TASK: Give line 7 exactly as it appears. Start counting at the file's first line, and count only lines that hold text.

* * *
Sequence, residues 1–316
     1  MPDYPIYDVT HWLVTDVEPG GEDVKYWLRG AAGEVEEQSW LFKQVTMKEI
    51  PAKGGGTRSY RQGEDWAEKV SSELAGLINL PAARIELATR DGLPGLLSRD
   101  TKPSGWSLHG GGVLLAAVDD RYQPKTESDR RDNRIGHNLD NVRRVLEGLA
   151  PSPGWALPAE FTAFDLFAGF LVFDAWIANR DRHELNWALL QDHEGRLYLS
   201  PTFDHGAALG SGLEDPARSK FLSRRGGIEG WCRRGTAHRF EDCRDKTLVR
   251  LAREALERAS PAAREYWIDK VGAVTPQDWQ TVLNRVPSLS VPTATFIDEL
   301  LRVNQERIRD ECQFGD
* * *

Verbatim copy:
   251  LAREALERAS PAAREYWIDK VGAVTPQDWQ TVLNRVPSLS VPTATFIDEL